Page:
The revenues of reindeer herding businesses doubled during the last fiscal year mainly because of higher meat prices and lower production costs.
Finland’s Natural Resources Institute expects the 2015-2016 herding year to be at least as good.
The profitability of small businesses engaged in reindeer herding has shot up dramatically, according to a new study by Finland’s Natural Resources Institute (Luke).
Income for those working as independent entrepreneurs in the sector rose to an average of 17,500 euros, equivalent to wages of 11 euros an hour. That is double what it was just one year previously.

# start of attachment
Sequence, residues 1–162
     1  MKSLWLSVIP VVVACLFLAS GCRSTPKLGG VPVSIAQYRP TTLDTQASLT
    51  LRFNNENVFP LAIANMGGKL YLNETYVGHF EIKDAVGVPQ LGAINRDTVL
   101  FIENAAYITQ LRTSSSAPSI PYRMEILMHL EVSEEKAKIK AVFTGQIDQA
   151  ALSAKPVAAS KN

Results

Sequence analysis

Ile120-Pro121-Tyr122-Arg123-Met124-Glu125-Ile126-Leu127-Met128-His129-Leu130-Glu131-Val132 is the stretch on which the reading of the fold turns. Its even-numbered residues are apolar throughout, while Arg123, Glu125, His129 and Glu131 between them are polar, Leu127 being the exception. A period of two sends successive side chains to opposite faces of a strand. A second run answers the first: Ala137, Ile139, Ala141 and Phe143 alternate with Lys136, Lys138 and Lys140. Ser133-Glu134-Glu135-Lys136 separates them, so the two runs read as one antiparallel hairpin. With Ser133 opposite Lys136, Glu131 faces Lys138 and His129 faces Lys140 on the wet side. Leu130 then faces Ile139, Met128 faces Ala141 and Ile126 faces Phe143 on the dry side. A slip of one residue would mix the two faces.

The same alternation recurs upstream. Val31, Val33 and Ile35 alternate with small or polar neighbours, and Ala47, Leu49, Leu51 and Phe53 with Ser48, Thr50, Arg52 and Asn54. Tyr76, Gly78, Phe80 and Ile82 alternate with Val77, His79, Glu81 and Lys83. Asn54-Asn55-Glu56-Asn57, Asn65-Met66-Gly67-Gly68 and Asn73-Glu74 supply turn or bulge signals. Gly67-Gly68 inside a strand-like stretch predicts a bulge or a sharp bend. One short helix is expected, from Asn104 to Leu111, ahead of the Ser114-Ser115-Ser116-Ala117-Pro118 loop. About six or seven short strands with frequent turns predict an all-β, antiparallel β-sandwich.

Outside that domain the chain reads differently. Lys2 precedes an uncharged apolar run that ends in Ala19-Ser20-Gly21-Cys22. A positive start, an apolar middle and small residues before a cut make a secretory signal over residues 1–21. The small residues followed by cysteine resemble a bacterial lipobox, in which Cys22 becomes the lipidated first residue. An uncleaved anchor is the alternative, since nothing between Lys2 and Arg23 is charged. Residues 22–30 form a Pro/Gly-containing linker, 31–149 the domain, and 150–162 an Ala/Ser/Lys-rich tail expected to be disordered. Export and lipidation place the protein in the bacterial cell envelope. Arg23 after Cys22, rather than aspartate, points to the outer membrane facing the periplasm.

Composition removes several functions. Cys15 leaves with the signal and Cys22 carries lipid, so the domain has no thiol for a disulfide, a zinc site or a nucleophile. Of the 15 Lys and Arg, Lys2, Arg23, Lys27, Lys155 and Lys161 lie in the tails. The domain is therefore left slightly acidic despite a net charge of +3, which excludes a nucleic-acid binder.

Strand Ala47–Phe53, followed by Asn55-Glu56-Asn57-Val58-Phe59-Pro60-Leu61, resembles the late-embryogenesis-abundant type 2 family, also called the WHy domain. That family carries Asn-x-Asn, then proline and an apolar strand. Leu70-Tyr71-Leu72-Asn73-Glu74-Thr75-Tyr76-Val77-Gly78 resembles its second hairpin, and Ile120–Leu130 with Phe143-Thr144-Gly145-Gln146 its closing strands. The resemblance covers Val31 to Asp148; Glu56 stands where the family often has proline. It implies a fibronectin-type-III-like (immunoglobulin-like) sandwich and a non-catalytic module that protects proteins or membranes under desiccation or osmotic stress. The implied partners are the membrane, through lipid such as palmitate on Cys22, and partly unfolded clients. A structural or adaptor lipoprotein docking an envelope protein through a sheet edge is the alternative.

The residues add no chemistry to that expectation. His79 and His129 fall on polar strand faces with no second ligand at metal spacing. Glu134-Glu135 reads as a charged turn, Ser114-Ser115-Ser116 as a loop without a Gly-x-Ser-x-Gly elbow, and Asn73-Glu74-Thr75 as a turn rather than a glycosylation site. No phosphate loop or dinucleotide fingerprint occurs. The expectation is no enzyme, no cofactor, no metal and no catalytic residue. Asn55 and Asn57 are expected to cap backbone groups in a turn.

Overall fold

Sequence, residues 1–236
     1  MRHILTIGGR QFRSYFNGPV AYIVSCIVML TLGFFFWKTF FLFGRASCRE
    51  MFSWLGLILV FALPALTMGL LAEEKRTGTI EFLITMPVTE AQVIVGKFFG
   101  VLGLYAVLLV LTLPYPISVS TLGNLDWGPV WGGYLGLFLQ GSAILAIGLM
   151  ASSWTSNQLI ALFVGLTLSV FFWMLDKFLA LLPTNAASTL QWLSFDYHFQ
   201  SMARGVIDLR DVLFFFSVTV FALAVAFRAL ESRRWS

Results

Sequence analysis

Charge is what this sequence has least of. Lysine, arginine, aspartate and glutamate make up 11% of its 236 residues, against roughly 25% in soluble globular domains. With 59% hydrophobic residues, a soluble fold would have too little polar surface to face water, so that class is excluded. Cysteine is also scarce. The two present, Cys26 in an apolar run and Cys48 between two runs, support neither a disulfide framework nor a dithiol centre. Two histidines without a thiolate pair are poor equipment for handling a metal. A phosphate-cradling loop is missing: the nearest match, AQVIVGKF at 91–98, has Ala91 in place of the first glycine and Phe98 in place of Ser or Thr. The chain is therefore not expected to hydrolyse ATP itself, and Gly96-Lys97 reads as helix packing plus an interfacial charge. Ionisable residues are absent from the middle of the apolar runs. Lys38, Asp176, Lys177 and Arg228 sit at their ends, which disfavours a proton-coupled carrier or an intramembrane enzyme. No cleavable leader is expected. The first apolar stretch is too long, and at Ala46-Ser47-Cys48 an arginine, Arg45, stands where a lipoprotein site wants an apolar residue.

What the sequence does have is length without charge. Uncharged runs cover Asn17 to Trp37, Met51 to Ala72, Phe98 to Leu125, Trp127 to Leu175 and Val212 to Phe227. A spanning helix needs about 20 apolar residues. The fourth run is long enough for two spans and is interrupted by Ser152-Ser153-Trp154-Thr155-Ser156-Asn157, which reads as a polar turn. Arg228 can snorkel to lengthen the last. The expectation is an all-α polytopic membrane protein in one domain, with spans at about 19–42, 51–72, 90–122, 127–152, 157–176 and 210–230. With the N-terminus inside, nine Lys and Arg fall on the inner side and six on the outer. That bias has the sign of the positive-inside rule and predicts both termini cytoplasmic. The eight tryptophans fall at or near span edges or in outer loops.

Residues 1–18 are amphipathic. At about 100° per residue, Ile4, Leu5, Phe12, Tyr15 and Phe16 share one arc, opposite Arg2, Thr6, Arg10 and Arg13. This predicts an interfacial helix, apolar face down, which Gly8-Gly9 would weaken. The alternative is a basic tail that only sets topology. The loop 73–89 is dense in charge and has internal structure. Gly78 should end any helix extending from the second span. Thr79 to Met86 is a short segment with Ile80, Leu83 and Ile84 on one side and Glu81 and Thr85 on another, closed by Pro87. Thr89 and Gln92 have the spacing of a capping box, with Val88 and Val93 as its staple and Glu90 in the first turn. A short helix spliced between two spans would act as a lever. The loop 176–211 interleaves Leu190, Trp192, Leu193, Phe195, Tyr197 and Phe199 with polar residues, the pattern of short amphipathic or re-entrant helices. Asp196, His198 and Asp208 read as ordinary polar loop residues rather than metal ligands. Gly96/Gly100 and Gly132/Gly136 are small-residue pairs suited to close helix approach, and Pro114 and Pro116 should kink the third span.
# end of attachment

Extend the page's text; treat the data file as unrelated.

Most income for people working in reindeer herding comes from the sale of meat products, but also includes sources such as subsidies from cooperatives and compensation for losses to predators, as well earnings from tourism and forestry.
The most decisive factors, however, are the volume of meat and market prices. During the last herding year, the price of reindeer meat paid to producers rose to close to 10 euros per kilo.
Savings in production costs were mainly the result of fewer working hours invested and lower vehicle fuel costs.
Related stories from around the North:
Canada: Caribou numbers plummet in eastern Canada, Radio Canada International
Finland: Up to 500 reindeer killed annually by trains – no fences planned, YLE News
Norway: Norway’s radioactive reindeer, Barents Observer
Russia: A reindeer tragedy in Russian Arctic, Barents Observer
Sweden: Bear hunt quota worries reindeer herders in Sweden’s Arctic, Radio Sweden
United States: Wildfires could threaten Arctic caribou herd’s winter habitat: study, Alaska Dispatch